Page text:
As part of this effort, First 5 LA has been conducting focus groups with African American mothers, grandmothers and women of childbearing age to better understand their perspectives on pregnancy and birth, prenatal services, the role of race and racism in birth outcomes and social, economic and structural factors associated with birth outcomes.

Early findings include an opportunity to increase health sector trust and engagement, as well as African American women’s knowledge of their increased risk of preterm birth. These findings support a call to explore the development of a public communications campaign, to transform the health care delivery system to meet the needs of African American women, and to route women to more effective clinical care. The final report will be released this fall.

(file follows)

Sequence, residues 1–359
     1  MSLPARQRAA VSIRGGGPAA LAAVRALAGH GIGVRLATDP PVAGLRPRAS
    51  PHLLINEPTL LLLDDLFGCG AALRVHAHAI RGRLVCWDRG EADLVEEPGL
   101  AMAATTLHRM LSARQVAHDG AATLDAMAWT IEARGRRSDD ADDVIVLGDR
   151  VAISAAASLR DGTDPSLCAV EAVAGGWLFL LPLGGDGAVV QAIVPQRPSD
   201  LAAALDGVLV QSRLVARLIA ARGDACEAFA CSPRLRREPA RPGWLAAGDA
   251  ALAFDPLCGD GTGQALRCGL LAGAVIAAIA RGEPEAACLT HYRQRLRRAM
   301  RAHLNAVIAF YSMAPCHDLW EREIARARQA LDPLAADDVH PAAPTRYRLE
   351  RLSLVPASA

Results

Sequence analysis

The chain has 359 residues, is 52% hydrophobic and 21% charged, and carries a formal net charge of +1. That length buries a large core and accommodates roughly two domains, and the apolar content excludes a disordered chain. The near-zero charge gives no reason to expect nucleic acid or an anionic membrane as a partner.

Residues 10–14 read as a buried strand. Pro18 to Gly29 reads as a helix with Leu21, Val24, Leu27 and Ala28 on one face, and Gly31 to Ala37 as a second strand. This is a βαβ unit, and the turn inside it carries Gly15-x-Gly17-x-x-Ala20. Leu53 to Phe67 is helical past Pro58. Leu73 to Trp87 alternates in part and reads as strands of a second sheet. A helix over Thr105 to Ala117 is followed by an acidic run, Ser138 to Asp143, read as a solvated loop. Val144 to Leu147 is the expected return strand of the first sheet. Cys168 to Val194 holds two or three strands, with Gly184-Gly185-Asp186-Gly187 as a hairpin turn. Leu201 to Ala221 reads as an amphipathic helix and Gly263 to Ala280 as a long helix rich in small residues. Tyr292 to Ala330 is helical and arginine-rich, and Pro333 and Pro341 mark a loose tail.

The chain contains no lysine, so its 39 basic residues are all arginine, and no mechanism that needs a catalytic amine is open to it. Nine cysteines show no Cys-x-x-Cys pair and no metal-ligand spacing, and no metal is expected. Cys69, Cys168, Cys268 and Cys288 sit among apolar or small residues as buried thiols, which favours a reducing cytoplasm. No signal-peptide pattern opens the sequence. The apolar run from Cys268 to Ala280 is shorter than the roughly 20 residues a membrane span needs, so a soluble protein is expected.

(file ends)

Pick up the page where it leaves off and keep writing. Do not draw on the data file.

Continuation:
“I think that this is groundbreaking work that would help set the direction for other First 5’s.” — Commissioner Dr. Barbara Ferrer

Additionally, First 5 LA has collaborated with the State Department of Health Care Services (DHCS) on a pioneering effort to profile the health care utilization of Medi-Cal enrollees of childbearing age, by race. It is anticipated that this data will be available in early 2019.